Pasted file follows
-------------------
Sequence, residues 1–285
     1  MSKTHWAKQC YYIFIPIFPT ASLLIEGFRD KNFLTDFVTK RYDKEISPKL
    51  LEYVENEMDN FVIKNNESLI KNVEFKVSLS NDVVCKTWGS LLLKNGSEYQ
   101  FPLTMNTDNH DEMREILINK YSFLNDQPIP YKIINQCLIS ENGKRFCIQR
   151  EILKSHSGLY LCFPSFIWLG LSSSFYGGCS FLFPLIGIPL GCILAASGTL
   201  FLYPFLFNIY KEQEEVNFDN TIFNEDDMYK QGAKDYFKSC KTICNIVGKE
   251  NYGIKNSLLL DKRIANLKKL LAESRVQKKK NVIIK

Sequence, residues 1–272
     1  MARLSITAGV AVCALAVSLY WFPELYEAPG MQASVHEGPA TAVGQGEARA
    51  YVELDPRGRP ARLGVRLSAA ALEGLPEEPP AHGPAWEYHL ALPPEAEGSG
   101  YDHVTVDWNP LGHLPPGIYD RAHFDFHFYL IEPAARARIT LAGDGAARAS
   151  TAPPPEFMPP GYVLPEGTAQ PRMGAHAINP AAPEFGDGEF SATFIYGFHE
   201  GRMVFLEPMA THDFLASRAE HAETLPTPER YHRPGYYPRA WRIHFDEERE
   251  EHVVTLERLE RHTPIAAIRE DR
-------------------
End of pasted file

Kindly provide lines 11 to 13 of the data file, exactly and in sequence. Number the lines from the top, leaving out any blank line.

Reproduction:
   101  YDHVTVDWNP LGHLPPGIYD RAHFDFHFYL IEPAARARIT LAGDGAARAS
   151  TAPPPEFMPP GYVLPEGTAQ PRMGAHAINP AAPEFGDGEF SATFIYGFHE
   201  GRMVFLEPMA THDFLASRAE HAETLPTPER YHRPGYYPRA WRIHFDEERE